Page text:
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Dance Training
Jealousy is normal—it becomes a problem when it affects your dancing. Thinkstock

A classmate lands the role you wanted. Another dancer is always earning compliments from the teacher you can never seem to please. The dance world is full of opportunities to feel envious—and according to psychologist Nadine Kaslow, that is completely normal.

"To say you shouldn't ever feel jealous is unrealistic," says Kaslow, who works with dancers at Atlanta Ballet. "But when you become driven by it, rather than focusing on doing your best to improve, that's when it turns harmful." Luckily, there are ways to channel this negative emotion into positive growth.

1. Feel It

Don't be ashamed when envy strikes. Instead, acknowledge and process how you're feeling. Photo by Matthew Murphy for Pointe.

"In dance, it can seem like the grass is always greener," says Erin Fogarty, a teacher and director of programming at Manhattan Youth Ballet. "If you're a jumper, you wish you could turn. If you're long and leggy, you wish you could jump. People progress at different paces."

There's no reason to be ashamed when envy strikes. In fact, it's better to acknowledge your feelings than to ignore them. "Bottled-up emotions can be dangerous," Fogarty says. Unresolved jealousy can consume you, affecting how you view yourself and interact with your peers. You might experience physical side effects, such as excess muscle tension. Your artistry can even suffer when you're closed-off emotionally.

You can't move forward until you honestly assess and accept your state of mind. "Sometimes I encourage people to write down how they're feeling," Kaslow says. "They might discover something else at the root of the jealousy: They're hurt, angry, betrayed or humiliated. Those feelings need to be dealt with as well."

But remember: Pausing to validate your emotions isn't the same as wallowing in them. "It's fine to take a day to be mad, especially if you don't feel like you can be in the studio without coming undone," Fogarty says. "Then you have to get back to work."

2. Talk About It

Opening up to someone about how you're feeling can help you move forward. Photo by Kevin Laminto via Unsplash

After you've admitted your feelings to yourself, consider talking to a parent, teacher or close friend. Look for someone who will listen and perhaps share their own experiences, without encouraging the negative impulses that can accompany envy. "The wrong person could feed your jealousy instead of helping you understand it," says Elizabeth Petrin, who teaches at Bobbie's School of Performing Arts in Newbury Park, California. "You want someone who can build you up and offer advice."

What if the friend you usually turn to is the person you're jealous of? Taking the time to recognize your friend's excitement can start to pull you out of your rut. But, Kaslow warns, "smiling and pretending everything's fine when it's not often comes across as phony" and can damage your relationship. "Being honest and vulnerable—'I am happy for you, but I'm also really disappointed right now'—can heal your wounds."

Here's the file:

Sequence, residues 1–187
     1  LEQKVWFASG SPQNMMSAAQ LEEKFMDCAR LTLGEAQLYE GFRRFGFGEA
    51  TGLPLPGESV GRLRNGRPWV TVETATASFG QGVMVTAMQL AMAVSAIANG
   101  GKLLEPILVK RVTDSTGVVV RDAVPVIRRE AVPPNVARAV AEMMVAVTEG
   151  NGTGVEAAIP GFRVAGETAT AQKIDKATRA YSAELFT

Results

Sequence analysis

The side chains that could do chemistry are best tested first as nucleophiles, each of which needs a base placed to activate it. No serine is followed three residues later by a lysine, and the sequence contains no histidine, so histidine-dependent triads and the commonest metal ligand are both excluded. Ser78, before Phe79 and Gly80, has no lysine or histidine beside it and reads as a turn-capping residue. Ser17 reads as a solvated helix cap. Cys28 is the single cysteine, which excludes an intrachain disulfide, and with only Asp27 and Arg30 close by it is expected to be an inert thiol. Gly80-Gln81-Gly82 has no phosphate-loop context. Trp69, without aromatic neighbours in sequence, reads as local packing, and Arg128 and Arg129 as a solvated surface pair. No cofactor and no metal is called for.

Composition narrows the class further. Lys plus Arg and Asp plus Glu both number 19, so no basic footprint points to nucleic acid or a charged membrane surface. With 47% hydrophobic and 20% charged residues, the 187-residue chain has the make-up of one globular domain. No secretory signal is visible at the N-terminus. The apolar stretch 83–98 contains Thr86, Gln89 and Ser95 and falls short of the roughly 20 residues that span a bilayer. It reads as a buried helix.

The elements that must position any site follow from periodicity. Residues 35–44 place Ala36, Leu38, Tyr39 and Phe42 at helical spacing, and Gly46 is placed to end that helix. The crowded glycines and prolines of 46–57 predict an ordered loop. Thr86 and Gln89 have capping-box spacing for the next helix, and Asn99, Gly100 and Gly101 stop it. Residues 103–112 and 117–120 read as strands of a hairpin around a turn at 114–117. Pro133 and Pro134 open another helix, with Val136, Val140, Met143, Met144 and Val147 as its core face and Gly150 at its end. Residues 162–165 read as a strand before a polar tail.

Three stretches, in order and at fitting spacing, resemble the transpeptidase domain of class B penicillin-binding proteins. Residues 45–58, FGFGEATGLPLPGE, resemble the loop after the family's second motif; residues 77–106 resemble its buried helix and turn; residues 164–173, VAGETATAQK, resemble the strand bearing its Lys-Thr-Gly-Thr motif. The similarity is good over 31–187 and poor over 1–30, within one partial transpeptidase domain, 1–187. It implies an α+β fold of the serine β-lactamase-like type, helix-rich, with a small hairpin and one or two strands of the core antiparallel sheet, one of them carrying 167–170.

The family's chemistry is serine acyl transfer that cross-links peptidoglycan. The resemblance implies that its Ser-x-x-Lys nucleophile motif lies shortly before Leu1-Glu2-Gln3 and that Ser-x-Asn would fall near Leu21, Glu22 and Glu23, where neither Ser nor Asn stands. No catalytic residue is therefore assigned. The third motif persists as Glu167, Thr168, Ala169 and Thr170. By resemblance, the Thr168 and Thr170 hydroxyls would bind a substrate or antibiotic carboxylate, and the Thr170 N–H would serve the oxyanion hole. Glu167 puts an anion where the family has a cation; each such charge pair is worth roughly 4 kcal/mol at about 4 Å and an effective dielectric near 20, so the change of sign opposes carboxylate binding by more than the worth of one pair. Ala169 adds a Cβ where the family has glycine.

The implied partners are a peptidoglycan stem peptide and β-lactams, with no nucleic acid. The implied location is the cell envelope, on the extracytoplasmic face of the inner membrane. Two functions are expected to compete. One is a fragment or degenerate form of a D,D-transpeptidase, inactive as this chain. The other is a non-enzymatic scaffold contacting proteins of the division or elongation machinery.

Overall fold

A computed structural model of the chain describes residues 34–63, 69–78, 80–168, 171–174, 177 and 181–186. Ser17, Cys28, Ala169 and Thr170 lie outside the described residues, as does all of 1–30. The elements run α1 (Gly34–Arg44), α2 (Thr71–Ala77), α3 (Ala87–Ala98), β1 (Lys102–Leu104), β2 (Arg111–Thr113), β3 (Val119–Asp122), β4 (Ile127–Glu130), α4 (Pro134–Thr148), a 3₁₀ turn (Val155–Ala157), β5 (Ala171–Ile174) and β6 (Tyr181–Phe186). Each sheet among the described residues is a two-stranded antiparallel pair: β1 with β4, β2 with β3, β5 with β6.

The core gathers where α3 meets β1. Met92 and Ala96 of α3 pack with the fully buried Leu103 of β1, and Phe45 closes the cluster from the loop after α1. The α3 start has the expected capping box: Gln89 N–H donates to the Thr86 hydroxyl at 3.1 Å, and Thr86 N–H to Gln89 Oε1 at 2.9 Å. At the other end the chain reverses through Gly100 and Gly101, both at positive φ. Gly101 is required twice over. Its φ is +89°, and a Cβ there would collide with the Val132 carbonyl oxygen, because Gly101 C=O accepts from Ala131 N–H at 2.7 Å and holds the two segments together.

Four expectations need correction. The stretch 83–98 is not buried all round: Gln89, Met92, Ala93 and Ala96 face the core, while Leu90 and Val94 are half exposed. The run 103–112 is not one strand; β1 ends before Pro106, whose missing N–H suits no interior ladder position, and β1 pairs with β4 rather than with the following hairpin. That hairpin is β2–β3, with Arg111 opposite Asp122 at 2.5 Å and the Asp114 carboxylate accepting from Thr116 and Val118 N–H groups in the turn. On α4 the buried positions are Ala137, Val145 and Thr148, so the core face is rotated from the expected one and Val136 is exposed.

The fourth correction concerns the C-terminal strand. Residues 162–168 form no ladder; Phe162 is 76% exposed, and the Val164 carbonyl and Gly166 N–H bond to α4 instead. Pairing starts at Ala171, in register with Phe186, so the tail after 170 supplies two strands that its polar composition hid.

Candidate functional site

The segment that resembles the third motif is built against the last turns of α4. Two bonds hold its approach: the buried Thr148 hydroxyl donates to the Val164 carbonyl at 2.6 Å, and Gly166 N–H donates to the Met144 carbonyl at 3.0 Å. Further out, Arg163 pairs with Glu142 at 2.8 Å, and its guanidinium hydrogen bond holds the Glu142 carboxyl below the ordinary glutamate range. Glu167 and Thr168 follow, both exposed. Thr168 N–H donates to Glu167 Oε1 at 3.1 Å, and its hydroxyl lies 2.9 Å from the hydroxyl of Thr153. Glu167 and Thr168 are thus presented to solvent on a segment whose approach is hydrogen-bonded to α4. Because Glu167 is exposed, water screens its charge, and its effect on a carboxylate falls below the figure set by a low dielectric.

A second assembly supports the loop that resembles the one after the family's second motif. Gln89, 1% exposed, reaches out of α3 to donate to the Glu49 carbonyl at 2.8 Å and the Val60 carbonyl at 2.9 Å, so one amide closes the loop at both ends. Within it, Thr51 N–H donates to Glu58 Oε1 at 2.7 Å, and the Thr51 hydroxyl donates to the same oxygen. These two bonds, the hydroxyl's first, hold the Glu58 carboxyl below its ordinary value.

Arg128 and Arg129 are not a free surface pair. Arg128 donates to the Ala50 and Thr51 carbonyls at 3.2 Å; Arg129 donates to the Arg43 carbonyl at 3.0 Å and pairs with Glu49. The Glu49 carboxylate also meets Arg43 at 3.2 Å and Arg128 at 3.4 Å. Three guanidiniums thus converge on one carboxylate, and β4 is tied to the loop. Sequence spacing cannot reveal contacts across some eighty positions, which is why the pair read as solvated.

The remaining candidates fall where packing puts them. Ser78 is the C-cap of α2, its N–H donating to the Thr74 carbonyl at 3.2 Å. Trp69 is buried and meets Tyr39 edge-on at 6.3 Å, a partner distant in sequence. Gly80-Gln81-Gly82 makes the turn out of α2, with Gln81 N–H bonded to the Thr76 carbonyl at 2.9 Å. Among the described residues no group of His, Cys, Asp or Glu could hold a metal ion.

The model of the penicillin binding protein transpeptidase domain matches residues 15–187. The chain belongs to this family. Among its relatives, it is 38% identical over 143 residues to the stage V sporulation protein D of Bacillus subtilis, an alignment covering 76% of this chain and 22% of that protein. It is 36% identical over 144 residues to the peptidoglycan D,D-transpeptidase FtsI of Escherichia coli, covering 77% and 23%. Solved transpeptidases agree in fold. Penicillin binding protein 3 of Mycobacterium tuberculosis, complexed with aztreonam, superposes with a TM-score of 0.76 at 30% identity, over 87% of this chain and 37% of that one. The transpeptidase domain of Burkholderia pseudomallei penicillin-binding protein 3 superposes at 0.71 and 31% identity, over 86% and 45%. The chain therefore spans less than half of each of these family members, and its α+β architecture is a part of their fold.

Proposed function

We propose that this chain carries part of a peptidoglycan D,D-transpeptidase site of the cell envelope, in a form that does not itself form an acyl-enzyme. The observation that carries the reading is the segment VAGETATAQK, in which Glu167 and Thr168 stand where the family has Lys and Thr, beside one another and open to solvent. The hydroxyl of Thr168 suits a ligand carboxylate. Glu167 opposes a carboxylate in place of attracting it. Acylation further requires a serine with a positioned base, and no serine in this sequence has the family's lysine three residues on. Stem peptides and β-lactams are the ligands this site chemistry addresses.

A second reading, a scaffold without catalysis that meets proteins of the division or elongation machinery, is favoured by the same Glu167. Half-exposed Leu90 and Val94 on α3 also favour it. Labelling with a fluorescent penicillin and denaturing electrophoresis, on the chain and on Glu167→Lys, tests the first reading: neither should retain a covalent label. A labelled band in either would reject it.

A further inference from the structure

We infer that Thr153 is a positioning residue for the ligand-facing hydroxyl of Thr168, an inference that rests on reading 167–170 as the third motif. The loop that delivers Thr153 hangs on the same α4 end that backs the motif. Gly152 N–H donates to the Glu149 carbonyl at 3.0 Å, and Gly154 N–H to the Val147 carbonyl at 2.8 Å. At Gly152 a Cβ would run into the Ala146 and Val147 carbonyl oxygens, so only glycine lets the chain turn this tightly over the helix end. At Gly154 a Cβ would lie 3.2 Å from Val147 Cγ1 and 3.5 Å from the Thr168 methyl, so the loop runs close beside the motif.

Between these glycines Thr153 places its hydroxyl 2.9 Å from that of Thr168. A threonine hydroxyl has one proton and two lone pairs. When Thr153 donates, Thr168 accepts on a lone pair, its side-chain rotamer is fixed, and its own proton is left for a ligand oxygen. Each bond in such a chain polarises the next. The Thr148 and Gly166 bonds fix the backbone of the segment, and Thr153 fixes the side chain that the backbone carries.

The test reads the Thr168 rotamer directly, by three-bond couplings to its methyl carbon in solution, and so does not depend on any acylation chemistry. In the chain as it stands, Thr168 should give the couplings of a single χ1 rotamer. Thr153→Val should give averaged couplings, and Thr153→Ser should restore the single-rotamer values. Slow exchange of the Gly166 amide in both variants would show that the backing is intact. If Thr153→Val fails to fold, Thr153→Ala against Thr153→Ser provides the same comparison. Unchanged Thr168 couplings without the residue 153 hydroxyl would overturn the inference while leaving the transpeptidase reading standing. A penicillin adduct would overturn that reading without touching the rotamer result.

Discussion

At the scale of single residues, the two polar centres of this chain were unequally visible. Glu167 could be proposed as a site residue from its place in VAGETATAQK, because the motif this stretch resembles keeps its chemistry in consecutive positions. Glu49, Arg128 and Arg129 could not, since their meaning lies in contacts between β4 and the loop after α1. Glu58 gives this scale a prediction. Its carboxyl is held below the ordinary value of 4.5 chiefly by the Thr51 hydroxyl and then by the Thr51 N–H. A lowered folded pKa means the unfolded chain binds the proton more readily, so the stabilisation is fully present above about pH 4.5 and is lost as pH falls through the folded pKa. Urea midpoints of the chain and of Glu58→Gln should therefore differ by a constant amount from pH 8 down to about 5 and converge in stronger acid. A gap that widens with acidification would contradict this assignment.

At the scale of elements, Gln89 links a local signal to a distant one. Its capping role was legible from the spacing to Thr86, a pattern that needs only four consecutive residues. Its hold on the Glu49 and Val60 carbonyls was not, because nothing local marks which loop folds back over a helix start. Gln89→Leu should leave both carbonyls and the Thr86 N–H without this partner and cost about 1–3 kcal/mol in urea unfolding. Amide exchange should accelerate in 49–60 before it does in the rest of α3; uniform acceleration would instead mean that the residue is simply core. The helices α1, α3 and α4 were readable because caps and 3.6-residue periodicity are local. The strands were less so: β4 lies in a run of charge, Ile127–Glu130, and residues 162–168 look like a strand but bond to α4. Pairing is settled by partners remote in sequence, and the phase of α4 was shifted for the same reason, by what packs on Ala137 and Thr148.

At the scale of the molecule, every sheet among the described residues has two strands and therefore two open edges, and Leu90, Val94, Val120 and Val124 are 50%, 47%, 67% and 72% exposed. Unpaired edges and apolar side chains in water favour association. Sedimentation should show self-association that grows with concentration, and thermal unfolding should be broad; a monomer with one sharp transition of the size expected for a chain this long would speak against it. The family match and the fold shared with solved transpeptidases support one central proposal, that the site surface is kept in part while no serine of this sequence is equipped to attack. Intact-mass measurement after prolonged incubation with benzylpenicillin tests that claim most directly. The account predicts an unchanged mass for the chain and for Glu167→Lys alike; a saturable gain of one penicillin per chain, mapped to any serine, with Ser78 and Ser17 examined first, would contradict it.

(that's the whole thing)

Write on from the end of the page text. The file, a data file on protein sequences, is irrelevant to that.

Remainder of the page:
If your dance environment has started to feel toxic, ask a teacher to facilitate a class or company discussion. "If people are constantly being negative about their own achievements or making friends feel bad for succeeding, it creates distance," Petrin says. "When you're no longer holding each other back, everyone can improve."

3. Use It

Use your jealousy as motivation. Photo by Hector Gamboa, Courtesy Petrin

Acting on jealousy can be a problem—if your response is to say nasty things about your peers or to engage in sabotaging behavior. But there are also ways to use envy for good. The key is to focus on yourself, instead of on those around you. "If someone is doing something well, and I think about how I might adopt some of that, that's motivating," Kaslow says. "If I'm so focused on them that I lose sight of myself, that's counterproductive."

To come up with a game plan, get specific. "Is what you're jealous about something you can fix?" asks Petrin's choreography partner and fellow teacher Mandy Korpinen. You may not be able to change how you're built—or what a choreographer is looking for—but you can improve your strength, flexibility, stamina and work ethic.

Of course, there's a delicate balance between homing in on your growth and beating yourself up. If you have a tendency toward self-criticism, find ways to boost your spirits. "One of my teachers growing up made me write three things I was good at on the mirror in my room," says Korpinen, "so every morning I was reminded of my strengths."